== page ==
Doherty's solo debut has its share of charms...

There was a time you couldn’t go a day without seeing Peter Doherty one way or another. There he was, staring from the front page of a tabloid ‘paper; an hour or so later he’s on a website, the headline another conveying the message that he’s failed to show for a gig in some east London shitehole.

But recently the man formerly known as Pete (it’s not clear why the ‘r’ has crept into the solo album equation; a mark of maturity, perhaps?) has been generating column inches for the right reasons, i.e. ones related entirely to music – the making of it, primarily.

‘Grace/Wastelands’ collects together material written across a number of years, and as such certain hardcore quarters of the man’s expansive fanbase are sure to have heard a selection. And, for an album with so much attention sure to be attracted its way, it’s remarkable in its lo-fi feel – despite the presence of big-name producer Stephen Street, there’s no slapping on of studio gloss across these twelve offerings.

Which, at times, is an approach that does Doherty’s songwriting few favours, as at its slightest ‘Grace/Wasteland’ is a frustratingly lethargic listen, the feeling being that if our protagonist can’t muster enthusiasm enough for his compositions to get through them without a half-asleep drawl infecting his vocals – take opener ‘Arcadie’ and ‘Salome’ as examples – then we can’t be bothered to listen to them in any detail. And if you do, there’s not much to note in terms of lyrical singularity – Peter does what Peter does, and what Peter does many a man has done before.

‘I Am The Rain’ finds a single analogy pushed to the very precipice of banality, its teetering on the edge of give-a-fuck the sole redeeming element of a track so lifeless it’ll be a miracle if fans don’t skip it after but a couple of cursory listens. ‘Sweet By And By’ possesses a charming swagger, all tooting horns and tinkled pianos, but its knees-up shtick is out of place on a record that sets its sights on being a somewhat serious collection.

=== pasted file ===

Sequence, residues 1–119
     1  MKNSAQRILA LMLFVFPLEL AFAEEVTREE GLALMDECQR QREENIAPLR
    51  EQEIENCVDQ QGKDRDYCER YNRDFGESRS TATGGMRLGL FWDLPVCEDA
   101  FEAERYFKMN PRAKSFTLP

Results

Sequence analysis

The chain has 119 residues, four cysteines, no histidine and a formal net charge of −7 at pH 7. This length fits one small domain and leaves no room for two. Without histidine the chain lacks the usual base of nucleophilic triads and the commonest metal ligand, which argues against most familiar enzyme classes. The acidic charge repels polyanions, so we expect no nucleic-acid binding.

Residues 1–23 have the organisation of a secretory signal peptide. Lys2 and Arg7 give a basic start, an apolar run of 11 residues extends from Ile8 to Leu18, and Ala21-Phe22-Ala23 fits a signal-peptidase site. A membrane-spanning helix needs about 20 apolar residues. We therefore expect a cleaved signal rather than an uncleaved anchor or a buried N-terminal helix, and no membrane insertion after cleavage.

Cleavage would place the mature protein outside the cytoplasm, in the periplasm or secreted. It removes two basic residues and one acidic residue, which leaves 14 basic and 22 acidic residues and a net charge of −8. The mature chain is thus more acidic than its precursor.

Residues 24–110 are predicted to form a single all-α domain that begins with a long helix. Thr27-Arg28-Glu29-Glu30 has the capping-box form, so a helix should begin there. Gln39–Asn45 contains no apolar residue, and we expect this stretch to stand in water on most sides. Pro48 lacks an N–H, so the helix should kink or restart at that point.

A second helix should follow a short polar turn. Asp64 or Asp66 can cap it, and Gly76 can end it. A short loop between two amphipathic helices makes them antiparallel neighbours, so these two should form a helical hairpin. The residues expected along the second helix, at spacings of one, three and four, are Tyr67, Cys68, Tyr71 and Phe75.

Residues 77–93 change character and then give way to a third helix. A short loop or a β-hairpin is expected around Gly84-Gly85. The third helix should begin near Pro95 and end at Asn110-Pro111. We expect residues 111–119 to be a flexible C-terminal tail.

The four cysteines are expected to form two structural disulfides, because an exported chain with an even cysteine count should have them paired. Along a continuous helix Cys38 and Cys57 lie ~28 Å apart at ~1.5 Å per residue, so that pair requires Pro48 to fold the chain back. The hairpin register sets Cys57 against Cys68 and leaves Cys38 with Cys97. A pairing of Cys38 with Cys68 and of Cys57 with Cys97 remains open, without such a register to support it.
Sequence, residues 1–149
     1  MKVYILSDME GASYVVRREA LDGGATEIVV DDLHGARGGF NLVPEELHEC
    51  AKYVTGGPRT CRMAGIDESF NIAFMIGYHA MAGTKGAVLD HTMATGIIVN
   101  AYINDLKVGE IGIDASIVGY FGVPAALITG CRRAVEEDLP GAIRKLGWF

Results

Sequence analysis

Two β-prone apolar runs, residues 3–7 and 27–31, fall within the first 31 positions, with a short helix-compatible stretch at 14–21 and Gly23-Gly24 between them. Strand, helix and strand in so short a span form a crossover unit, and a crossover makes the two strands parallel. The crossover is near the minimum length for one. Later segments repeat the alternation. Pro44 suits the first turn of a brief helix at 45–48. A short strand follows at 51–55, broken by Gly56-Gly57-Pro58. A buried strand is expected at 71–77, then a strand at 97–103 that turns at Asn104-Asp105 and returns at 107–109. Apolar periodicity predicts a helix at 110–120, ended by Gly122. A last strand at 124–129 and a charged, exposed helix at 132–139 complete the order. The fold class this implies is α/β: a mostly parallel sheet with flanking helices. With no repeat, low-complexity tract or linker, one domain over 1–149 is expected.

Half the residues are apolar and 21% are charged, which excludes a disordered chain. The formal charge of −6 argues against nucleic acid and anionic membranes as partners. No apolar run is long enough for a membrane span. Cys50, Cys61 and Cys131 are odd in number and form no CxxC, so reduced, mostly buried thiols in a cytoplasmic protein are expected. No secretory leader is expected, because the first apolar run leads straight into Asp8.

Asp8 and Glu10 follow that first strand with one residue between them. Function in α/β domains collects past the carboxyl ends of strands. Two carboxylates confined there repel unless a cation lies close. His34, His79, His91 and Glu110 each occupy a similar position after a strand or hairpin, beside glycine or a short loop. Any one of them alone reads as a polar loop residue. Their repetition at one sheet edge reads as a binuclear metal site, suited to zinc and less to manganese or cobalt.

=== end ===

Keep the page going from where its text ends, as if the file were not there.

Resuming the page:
Far better is the woozily romantic ‘1939 Returning’, its subtle strings stirring parts most tracks here can’t reach, and the Dot Allison-featuring ‘Sheepskin Tearaway’, a tender duet that threatens to stand out as the album’s greatest offering if it wasn’t for the solid-gold Bond-theme-like ‘Broken Love Song’ – by a long way, this is the best song Doherty’s been a creative presence on since the demise of The Libertines. Closer ‘Lady, Don’t You Fall Backwards’ is also a highlight, its vocal sweetly sincere in its sentiments.

But despite the occasional glimpses of a genuinely mercurial talent ‘Grace/Wastelands’ offers, too much of this solo debut treads woefully predictable water. But then again, its maker said at the outset that it lacked a commercial edge – read our interview for more – so maybe its purpose is simply to serve as an ideas dump, freeing Peter up for whatever occupies his musical mindset next time around. It may just be a necessary step towards something truly classic. Perhaps.

And if not, heck, there will be worse records released this year touted as something of significance. By quietly going about his business and not shouting about this solo album from the rooftops, Doherty has ensured it can’t be too harshly rounded upon by critics who were desperate to get their poison pens tearing up the page. Indeed, he’s done himself a favour: if it doesn’t really matter much to him how it goes down with Joe Public, why should it bother us?

That it doesn’t at all is a sign that it’s not half as bad as it could have been.


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